In case you missed it, last night Mark Zuckerberg published a response to accusations that “fake news” on Facebook influenced the outcome of the U.S. election, and helped Donald Trump to win.
The CEO claimed that at least 99% of news content on Facebook was “authentic.” Zuckerberg wrote:
“Of all the content on Facebook, more than 99% of what people see is authentic. Only a very small amount is fake news and hoaxes. The hoaxes that do exist are not limited to one partisan view, or even to politics. Overall, this makes it extremely unlikely hoaxes changed the outcome of this election in one direction or the other.”
Facebook boasts 1.79 billion monthly active users, and it generated $7.01 billion in revenue in the third quarter of 2016.
The company has not enumerated the volume of posts that were categorized as news, and distributed through Facebook’s News Feed during the months leading up to the election.
In its earnings reports, Facebook does not break out how much of its revenue comes from political advertising or the promotion of news posts. That makes it hard for the public to evaluate what the impact of even 1% of “hoax” news could have been on users of Facebook who had the right to vote in the U.S. election.
Questions remain as to whether hoaxes could have been so well-targeted that they did, in fact, sway opinions of U.S. voters on candidates and issues.
We know that Facebook has the power to influence emotions and has tested its own abilities in this regard through its 2012 Emotion Manipulation Experiment.
As TechCrunch reported when news of that experiment first broke, to impact users’ moods, Facebook showed them less positive posts in their News Feed. As a result, users included .1% fewer positive words in their own posts, Facebook found.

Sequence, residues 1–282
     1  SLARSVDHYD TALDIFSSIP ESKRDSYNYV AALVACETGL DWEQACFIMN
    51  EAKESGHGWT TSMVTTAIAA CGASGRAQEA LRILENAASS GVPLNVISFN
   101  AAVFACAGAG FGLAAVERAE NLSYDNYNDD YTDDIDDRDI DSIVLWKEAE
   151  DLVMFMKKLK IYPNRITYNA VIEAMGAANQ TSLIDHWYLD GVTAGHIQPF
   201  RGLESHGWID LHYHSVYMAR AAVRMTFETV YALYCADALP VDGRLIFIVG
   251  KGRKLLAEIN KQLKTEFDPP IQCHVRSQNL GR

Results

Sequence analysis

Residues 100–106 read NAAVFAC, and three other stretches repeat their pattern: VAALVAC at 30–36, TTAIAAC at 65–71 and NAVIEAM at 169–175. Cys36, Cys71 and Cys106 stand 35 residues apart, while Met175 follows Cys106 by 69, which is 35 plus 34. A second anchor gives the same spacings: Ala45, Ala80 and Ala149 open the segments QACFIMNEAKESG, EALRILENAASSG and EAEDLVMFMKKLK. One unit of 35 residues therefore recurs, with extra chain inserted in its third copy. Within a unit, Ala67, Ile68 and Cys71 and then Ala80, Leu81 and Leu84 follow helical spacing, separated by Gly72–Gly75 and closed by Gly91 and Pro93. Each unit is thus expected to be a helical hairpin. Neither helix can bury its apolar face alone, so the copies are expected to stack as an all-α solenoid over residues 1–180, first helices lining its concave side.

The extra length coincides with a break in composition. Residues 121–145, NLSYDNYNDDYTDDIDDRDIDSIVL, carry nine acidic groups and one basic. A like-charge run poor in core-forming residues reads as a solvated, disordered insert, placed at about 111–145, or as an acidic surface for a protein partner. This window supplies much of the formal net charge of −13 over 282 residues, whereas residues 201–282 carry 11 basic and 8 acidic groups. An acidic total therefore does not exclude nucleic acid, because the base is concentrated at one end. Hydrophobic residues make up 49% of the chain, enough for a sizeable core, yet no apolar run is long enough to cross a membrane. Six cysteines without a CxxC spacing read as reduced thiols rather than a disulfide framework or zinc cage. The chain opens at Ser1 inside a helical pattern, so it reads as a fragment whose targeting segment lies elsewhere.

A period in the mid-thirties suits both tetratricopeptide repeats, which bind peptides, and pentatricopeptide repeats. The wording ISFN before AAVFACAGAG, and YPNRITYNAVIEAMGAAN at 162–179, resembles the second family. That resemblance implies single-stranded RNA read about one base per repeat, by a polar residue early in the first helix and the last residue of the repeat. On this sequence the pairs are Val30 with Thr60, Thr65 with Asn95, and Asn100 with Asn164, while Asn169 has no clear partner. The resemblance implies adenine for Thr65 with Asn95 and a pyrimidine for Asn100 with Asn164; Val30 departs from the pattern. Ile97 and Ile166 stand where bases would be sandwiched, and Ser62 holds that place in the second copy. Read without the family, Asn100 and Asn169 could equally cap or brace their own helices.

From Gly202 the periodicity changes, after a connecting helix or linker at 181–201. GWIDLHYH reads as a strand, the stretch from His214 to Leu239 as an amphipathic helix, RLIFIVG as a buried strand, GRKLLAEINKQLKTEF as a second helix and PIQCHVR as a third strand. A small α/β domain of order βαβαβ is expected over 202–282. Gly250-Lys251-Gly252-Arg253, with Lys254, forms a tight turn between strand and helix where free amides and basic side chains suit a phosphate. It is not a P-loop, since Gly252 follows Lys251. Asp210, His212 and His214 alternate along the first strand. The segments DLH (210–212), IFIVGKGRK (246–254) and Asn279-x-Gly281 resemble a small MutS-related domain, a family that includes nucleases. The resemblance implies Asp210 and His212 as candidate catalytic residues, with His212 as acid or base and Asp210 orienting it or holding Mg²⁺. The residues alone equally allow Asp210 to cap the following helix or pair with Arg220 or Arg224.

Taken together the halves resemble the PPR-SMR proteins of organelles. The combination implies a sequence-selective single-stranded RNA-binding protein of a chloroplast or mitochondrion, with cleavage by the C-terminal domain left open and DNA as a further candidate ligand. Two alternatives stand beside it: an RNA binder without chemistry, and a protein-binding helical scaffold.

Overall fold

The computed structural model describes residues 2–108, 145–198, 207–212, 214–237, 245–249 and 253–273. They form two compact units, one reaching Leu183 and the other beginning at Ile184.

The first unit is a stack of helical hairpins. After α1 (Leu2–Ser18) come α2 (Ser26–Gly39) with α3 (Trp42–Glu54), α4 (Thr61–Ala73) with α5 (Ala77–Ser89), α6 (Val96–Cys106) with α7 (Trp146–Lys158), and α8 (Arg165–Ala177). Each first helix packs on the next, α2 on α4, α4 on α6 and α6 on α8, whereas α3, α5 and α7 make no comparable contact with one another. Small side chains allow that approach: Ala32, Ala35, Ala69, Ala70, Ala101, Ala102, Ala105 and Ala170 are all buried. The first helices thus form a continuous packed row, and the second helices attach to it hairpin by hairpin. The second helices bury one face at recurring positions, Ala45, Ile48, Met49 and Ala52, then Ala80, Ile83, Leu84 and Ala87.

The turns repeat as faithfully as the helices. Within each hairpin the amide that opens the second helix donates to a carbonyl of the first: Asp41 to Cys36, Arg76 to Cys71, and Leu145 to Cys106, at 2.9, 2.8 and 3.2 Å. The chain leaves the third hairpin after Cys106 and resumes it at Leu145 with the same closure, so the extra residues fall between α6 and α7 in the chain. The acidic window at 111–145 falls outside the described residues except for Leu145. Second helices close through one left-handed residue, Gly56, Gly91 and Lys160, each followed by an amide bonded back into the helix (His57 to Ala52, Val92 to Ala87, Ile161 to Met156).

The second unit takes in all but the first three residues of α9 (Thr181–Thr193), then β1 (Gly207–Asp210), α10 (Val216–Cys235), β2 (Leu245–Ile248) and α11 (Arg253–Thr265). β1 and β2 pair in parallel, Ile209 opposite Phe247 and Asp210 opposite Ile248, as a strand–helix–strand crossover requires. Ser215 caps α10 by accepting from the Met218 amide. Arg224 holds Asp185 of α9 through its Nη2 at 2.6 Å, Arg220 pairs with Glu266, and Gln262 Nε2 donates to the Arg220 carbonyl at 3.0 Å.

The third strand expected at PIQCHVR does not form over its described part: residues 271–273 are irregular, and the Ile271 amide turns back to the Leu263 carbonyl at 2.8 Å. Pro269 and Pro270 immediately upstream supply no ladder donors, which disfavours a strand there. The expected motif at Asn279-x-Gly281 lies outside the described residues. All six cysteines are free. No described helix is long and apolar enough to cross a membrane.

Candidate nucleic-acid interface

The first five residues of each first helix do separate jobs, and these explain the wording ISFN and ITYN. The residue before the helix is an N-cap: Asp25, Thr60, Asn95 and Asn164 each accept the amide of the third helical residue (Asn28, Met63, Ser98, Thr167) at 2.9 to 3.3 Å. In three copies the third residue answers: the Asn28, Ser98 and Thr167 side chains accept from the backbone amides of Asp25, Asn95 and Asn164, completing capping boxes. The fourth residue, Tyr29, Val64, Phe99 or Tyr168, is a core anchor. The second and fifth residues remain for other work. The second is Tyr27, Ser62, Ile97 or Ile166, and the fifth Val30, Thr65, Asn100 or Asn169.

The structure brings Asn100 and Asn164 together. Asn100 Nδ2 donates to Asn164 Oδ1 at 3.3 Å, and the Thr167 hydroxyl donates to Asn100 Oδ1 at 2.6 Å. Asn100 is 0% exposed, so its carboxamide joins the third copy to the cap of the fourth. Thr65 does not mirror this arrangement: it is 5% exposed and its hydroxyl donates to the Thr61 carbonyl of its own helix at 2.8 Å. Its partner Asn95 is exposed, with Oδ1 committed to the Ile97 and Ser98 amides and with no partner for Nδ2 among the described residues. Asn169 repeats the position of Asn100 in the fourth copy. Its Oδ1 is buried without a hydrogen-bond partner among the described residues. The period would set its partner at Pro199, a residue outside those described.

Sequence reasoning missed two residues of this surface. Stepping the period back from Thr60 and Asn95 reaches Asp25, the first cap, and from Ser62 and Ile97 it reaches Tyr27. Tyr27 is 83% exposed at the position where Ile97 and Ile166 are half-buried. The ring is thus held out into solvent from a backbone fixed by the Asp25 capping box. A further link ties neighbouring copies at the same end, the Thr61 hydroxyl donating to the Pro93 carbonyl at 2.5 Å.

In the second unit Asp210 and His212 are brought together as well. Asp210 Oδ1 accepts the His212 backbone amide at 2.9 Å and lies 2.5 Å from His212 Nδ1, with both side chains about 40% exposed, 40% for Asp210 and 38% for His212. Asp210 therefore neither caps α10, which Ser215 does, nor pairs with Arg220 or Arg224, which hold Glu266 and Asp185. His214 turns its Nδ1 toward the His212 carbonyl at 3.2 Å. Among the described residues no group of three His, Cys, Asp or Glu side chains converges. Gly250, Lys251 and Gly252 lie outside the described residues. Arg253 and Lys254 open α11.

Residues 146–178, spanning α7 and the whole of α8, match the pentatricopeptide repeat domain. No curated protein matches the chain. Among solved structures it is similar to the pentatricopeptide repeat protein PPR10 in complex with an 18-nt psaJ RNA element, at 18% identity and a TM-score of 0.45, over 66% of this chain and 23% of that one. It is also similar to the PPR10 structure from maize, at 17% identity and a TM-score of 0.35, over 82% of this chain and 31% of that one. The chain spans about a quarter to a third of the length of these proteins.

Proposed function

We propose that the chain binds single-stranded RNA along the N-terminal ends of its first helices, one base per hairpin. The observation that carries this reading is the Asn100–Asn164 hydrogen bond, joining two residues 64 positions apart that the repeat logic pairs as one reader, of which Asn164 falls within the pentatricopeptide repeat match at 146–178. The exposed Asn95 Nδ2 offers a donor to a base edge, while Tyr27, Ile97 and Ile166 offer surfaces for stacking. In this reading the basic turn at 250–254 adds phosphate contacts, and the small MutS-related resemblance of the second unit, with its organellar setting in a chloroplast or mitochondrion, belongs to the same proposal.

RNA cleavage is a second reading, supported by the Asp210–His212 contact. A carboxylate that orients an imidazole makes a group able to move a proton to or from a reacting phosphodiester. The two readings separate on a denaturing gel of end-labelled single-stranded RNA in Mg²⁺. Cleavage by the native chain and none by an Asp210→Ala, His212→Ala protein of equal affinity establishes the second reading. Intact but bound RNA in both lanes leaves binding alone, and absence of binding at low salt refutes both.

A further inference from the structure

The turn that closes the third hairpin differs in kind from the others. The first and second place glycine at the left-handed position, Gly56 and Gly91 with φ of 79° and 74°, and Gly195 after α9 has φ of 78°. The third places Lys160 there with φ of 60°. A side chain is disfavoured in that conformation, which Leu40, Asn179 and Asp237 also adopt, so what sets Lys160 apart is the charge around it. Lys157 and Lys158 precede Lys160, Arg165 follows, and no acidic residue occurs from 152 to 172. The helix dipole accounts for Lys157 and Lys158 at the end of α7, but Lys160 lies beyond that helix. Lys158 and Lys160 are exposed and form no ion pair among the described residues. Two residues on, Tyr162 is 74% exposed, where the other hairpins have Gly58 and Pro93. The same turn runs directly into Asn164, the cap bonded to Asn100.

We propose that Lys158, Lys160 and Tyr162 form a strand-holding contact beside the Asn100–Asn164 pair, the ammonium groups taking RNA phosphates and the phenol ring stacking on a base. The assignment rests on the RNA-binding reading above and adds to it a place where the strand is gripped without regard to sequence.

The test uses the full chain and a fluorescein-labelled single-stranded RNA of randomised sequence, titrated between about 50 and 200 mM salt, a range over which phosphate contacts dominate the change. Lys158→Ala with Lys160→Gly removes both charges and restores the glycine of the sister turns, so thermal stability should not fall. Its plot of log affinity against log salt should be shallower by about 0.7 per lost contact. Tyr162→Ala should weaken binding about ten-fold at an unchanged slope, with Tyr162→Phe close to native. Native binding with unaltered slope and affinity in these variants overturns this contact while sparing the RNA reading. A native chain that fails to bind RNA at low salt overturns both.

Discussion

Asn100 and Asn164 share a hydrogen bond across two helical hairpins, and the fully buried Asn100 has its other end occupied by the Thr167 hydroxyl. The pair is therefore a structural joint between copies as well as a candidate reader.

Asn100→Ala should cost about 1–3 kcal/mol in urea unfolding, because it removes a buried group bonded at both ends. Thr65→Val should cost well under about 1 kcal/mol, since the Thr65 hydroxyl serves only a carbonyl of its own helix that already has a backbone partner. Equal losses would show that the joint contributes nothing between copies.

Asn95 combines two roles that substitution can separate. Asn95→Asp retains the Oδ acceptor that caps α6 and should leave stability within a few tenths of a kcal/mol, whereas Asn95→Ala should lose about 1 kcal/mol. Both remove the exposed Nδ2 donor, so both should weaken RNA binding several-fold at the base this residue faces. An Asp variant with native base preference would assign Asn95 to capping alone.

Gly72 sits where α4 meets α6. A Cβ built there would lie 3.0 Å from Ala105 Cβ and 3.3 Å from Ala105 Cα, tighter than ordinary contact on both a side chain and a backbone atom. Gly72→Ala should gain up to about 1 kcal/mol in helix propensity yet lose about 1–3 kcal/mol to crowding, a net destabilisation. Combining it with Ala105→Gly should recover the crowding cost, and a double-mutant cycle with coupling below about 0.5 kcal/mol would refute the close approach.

Last night, Zuckerberg emphasized that Facebook currently relies on the wisdom and involvement of its users to “flag hoaxes and fake news.” He admitted the company could do more to improve the quality of information shared via its News Feed.
However, he also warned the company would not rush to release new solutions around factchecking or quality-rating news content on the platform.
“This is an area where I believe we must proceed very carefully though. Identifying the ‘truth’ is complicated. While some hoaxes can be completely debunked, a greater amount of content, including from mainstream sources, often gets the basic idea right but some details wrong or omitted. An even greater volume of stories express an opinion that many will disagree with and flag as incorrect even when factual. I am confident we can find ways for our community to tell us what content is most meaningful, but I believe we must be extremely cautious about becoming arbiters of truth ourselves.”
Zuckerberg’s comment draws a false equivalency between “mainstream sources” of news (including TechCrunch) and political groups masquerading as news brands.
The Denver Guardian was one site that posed as a news publisher to bombarded readers with content full of misinformation meant to sway their opinions about candidates and issues on the ballot. And another group, based in Macedonia, had been posting fake news to Facebook’s News Feed simply to make money.
Fake news circulated virtually everywhere online, and on Facebook, at a time when voters needed facts to inform their decisions, unfortunately.
There is a possibility that Facebook may not even want to become “arbiters of truth,” because doing so could reduce engagement.
As a former Facebook designer named Bobby Goodlatte wrote on November 8th on his own Facebook wall, “Sadly, News Feed optimizes for engagement. As we’ve learned in this election, bullshit is highly engaging.”
Other social media players under fire for helping to spread false stories ahead of the U.S. election include Twitter, Reddit, and others.
But unlike other social networks, Facebook can proudly claim that it helped 2 million people register to vote in this most recent election. What good is that if those voters aren’t effectively informed, though?